Setting up a Hugo-based Blog on GitLab

This was my first time setting up a blog on GitLab and it was a very easy process. I’m using Hugo and there are some straight-forward instructions for creating a bare-bones site and deploying it to a project: Hosting Hugo on GitLab

I did run into one problem though that I wanted to share with the inter-tubes. When I first pushed my one-post-blog project to test, I wasn’t able to see anything and I just got back the GitLab 404 page. I tried accessing the site both through http and https but that wasn’t the problem.

My next step was to download the artifacts from the GitLab CI and when looking at the files generated, I didn’t have any html files, just an index.xml and a site.xml. A quick google turned up that this was likely due to the theme not being setup.

My problem was that I followed the standard Hugo tutorial practice of cloning a chosen theme under my blog’s themes directory, which meant when I pushed my blog to the GitLab repo, they were just checked in as sub-modules. That means the files for the theme themselves are not checked into my repo and I only had a commit hash associated with each theme diretory.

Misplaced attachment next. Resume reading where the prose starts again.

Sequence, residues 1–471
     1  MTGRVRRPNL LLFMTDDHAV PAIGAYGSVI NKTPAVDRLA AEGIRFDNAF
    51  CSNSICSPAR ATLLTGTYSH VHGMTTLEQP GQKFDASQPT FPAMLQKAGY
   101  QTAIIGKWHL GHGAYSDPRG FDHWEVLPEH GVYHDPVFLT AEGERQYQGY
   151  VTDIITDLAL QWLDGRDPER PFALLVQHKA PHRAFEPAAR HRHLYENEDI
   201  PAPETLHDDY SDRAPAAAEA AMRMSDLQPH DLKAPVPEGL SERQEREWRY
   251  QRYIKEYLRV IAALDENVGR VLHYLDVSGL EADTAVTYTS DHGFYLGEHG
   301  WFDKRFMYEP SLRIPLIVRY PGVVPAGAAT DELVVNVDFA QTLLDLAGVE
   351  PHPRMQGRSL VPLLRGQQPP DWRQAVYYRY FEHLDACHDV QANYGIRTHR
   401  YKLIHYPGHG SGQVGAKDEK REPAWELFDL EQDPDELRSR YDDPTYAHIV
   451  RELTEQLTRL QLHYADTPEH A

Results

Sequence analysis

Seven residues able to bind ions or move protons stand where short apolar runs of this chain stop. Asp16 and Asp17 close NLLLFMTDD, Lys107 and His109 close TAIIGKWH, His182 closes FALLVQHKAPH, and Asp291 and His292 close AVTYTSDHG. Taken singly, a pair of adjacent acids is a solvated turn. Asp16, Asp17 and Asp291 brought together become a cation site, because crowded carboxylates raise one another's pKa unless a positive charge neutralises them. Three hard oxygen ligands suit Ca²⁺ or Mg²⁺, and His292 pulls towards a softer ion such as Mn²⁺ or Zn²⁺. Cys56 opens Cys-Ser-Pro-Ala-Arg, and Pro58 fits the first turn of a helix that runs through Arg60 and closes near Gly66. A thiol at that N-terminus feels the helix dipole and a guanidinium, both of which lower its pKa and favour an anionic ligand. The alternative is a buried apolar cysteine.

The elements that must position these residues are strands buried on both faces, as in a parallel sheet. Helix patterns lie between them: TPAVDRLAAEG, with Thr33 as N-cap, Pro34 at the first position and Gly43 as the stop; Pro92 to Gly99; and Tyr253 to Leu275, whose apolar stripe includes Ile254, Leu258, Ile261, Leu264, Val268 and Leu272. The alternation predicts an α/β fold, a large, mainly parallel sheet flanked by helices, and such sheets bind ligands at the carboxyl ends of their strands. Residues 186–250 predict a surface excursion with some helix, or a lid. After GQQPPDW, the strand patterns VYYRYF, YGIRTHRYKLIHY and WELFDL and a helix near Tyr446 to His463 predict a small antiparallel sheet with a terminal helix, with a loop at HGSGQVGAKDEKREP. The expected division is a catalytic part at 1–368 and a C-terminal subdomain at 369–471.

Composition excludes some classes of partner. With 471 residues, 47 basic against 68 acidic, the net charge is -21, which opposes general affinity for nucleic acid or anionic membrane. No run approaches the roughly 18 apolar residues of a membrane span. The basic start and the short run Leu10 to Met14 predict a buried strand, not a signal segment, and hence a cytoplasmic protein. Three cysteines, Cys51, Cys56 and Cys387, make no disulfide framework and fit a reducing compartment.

I use git for all of my professional as well as personal projects, but I’ve never had to deal with submodules. Typically people just say “Don’t use sub-modules, they’re not the solution.”

In this particular case, submodules work pretty cleanly for pulling in themes though, so some quick looking around and all I had to do was create a .gitmodules file in the root of my blog project that shows the mapping of the theme directory to a repo address that can be pulled from. I had a few different themes I was trying out, so I put all three in there.

[submodule "hugo-multi-bootswatch"]
	path = themes/hugo-multi-bootswatch
	url =
[submodule "hugo-theme-minos"]
	path = themes/hugo-theme-minos
	url =
[submodule "robust"]
	path = themes/hugo_theme_robust
	url =

The last step was to add a few steps to the .gitlab-ci.yml so that the submodules were initialized and updated before the hugo generation step is run:

image: publysher/hugo

  - git submodule init
  - git submodule update
  - hugo
    - public
  - master

With that pushed to my repo, the next build quickly succeeded and my blog was up and running!